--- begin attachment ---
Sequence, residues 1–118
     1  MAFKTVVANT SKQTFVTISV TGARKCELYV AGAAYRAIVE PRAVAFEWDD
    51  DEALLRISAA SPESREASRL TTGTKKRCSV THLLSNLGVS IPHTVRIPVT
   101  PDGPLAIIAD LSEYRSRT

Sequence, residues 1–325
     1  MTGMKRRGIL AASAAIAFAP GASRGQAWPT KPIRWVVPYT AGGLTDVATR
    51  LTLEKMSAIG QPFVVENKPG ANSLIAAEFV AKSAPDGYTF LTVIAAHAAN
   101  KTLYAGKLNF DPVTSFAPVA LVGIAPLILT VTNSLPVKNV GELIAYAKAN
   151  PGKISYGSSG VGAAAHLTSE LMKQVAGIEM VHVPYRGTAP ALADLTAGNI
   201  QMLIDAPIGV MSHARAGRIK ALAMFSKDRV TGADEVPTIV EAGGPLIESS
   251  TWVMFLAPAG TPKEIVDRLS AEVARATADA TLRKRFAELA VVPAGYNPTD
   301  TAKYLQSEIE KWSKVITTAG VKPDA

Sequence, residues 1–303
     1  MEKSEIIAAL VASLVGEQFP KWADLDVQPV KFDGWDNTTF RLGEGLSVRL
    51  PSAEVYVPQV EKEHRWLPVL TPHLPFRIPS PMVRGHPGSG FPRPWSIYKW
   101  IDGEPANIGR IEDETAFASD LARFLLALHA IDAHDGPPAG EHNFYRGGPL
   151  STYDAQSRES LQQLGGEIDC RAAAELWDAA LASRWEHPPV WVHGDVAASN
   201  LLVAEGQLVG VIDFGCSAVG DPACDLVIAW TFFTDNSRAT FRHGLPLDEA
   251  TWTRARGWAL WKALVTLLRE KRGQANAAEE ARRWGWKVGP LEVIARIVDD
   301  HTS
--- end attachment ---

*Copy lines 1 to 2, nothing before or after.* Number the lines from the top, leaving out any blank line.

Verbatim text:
Sequence, residues 1–118
     1  MAFKTVVANT SKQTFVTISV TGARKCELYV AGAAYRAIVE PRAVAFEWDD